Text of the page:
It’s Monday Grace!
There’s a lot of discussion these days about what happened at the cross and why. We believe that Jesus died for us and that we live forever through Him. Some say that Jesus had to die to satisfy some ancient heavenly law. Some say that He died to break down the barrier between us and God. Some say He died to show us how much God loves us. All of these are true to some extent, I suppose, but I think we are trying to define something far beyond our human understanding.
What we know is that the sacrifice of Jesus has made us righteous in the sight of God. We were sinners in need of salvation, and Jesus forgave us, recreated us, and gave us life in Him. He said that He did not come for righteous people, but for sinners (Mt 9:13). Of course, Isaiah in the Old Testament and Paul in the New explained that there are none who are righteous. So, everyone needs what Jesus did on the cross. Those who consider themselves righteous apart from Jesus are wrong. We have all sinned. We needed the righteousness Jesus came to give us.
But what is righteousness? What does it mean to be righteous? Whether you believe that sin broke some ancient law or is just inconsistent with the character of God, the message of the gospel is the same. Something was wrong. We were broken, condemned, lost, stained. Deep within we were not right. Sin had found its way to damage every part of us.
Sin broke the righteousness that was part of being human. The innocence of Adam and Eve in the Garden is righteousness. When they sinned, they not only lost the Garden, but they lost their righteousness. Innocence, purity, virtue—whatever you want to call it. When Adam and Eve left the Garden, they were not the same people as before. Something was lost.
The Scriptures usually put this situation in legal terms. The righteous one can stand before the judge with no sin. The accuser can point to nothing. The unrighteous person will be found guilty of sin. Righteousness equals innocence. Unrighteousness equals guilt.
There are other ways the Scripture describes our situation. Sin is called a stain, and those who are unrighteous are in need of cleansing. Those who are righteous have no need of cleansing.
Also, those who are sinners are broken and in need of healing. Those who are apart from God are considered lost in need of being found. And, of course, the unrighteous are on their way to destruction and are in need of salvation.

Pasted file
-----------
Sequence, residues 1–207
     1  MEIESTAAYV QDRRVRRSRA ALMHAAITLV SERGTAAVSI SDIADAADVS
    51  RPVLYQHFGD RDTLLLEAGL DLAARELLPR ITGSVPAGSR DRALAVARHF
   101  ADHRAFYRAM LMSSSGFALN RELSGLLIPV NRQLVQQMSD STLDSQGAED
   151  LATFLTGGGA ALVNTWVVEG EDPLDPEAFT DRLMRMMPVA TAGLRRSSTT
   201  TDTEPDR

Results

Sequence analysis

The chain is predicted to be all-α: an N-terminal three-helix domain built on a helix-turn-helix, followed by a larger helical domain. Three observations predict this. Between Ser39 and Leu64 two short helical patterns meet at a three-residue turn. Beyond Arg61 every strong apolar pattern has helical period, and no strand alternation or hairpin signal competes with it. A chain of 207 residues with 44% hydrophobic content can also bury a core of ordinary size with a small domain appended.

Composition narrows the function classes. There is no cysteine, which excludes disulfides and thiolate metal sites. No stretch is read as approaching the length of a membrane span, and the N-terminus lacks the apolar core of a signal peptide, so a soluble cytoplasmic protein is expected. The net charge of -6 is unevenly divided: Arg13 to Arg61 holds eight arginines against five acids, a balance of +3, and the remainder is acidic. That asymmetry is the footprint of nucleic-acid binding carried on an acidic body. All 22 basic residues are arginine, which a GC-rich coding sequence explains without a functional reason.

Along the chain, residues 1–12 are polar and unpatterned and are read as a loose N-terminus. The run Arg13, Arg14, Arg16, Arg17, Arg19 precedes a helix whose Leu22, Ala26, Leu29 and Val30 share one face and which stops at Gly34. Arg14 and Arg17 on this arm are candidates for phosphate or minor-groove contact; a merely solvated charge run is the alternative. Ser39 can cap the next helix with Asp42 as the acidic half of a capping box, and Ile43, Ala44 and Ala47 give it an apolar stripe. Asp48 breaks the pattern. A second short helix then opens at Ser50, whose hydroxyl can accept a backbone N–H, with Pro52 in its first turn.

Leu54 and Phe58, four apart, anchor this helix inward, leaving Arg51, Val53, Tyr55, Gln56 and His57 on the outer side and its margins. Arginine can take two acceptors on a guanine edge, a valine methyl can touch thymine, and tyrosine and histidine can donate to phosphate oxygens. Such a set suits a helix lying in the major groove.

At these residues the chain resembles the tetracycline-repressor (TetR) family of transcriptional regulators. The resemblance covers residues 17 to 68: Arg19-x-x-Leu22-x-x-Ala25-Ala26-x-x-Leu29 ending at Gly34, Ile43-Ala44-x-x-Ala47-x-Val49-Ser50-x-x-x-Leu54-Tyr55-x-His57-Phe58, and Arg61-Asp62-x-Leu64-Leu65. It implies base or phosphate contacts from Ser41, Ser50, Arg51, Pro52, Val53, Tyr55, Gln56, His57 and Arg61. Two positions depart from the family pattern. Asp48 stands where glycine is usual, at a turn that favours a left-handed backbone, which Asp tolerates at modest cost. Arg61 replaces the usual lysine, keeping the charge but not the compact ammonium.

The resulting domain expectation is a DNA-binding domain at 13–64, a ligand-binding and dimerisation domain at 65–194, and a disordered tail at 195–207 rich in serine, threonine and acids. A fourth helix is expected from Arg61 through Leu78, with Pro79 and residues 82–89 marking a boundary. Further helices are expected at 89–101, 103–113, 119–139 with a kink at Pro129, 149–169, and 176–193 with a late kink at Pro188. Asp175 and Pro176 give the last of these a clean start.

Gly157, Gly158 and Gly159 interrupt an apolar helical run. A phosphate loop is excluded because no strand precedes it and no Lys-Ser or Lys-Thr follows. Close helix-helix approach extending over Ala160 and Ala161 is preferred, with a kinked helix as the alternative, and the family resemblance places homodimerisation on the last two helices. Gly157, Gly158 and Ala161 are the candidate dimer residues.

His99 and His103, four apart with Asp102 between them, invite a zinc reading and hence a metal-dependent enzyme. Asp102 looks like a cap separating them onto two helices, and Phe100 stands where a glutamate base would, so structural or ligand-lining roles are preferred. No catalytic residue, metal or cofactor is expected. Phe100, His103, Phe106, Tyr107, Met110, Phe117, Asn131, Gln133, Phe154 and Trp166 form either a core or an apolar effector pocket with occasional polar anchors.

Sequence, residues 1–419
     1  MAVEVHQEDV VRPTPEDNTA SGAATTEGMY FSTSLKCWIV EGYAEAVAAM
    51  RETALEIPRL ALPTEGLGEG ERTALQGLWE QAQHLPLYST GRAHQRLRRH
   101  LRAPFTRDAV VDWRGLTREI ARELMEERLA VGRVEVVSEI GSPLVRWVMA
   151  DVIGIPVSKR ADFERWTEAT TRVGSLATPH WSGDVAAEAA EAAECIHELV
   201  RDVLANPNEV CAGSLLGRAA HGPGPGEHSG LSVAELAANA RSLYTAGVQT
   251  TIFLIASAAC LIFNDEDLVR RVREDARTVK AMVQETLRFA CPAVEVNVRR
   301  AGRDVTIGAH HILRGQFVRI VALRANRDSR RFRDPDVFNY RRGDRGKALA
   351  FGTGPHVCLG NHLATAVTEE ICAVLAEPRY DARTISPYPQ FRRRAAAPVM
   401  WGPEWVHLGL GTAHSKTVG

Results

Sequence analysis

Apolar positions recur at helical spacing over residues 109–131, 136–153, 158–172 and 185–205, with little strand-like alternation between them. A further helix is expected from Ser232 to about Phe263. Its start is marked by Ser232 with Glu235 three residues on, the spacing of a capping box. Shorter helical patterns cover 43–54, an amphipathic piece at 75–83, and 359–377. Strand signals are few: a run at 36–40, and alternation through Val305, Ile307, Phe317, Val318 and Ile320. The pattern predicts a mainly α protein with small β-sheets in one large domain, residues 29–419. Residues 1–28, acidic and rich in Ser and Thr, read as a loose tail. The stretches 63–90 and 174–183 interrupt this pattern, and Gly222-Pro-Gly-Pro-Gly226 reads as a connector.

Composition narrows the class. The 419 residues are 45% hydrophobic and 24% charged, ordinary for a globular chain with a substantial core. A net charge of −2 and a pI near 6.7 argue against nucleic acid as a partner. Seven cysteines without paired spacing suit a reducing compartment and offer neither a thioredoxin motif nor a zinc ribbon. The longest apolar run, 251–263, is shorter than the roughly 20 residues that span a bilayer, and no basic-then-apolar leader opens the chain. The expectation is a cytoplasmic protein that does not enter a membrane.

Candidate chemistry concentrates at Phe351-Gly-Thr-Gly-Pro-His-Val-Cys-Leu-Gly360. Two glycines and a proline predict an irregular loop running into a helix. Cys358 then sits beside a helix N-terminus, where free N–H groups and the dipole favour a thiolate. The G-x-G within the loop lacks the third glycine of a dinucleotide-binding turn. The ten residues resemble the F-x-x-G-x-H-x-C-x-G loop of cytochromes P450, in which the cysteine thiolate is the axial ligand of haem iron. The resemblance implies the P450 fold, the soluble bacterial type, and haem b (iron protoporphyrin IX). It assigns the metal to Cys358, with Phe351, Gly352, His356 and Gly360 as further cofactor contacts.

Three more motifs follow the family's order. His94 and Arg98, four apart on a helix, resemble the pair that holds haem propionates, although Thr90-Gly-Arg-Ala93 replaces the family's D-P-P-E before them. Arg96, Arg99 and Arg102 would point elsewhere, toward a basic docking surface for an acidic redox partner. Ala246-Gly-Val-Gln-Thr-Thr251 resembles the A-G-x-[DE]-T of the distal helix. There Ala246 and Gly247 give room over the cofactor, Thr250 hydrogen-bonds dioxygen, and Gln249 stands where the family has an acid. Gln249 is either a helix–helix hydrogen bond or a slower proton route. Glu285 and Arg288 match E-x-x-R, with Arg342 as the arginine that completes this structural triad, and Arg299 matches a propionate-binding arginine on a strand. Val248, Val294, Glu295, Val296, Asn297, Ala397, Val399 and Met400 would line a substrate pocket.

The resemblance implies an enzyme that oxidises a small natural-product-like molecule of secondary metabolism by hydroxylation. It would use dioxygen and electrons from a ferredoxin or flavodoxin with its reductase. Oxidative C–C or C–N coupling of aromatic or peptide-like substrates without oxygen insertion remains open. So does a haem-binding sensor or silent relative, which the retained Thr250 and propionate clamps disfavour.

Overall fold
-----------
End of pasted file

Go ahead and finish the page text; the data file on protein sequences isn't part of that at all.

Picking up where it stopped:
Just because there are several ways of illustrating our need for righteousness does not mean one explanation is right while the others are wrong. The bottom line is that we all need Jesus.
Jesus is the One who entered our world and grew up in it without sin. He was righteous from the beginning and remained righteous through His earthly life. Those who hated Him had to lie about Him in order to condemn Him. He was innocent.
So, somehow the sacrifice of Jesus on the cross transferred His righteousness to all who believe. He exchanged lives with us. He took on Himself our unrighteousness (2 Cor 5:21) and gave us His righteousness. Then He overcame the power of sin, which was death, and reigns in righteousness forever.
That means that those who are in Christ, who have come to Him in faith for salvation, have been declared righteous. That means innocent, pure, victorious, free, clean, and more. We are all those things in Christ and because of Christ.
If you think in terms of legal standing, we are innocent of any charge brought against us. If you think in terms of brokenness, we are restored. If you think that we were lost, we are found and safe at home. If you think we were in danger of destruction, we have been saved. All of this is what it means to be righteous.
But, you say, I remember the things I did. I did those things. I am a guilty sinner. No. That’s only true for those who refuse to come to Jesus, who remain in their sins. You are a new creation, filled with new life. Your charges have been erased, your life is no longer what it was.
Adam and Eve remembered the Garden after they were cast out, but they could never live there again. You and I remember the things we did before we came to Jesus, but we can never live there again. Now, things are different. We are not who we were in terms of righteousness.
The Righteous One has made us righteous in Him, and we will be righteous in Him forever!
For what the law could not do in that it was weak through the flesh, God did by sending His own Son in the likeness of sinful flesh, on account of sin: He condemned sin in the flesh, that the righteous requirement of the law might be fulfilled in us who do not walk according to the flesh but according to the Spirit.
For He made Him who knew no sin to be sin for us, that we might become the righteousness of God in Him.
2 Corinthians 5:21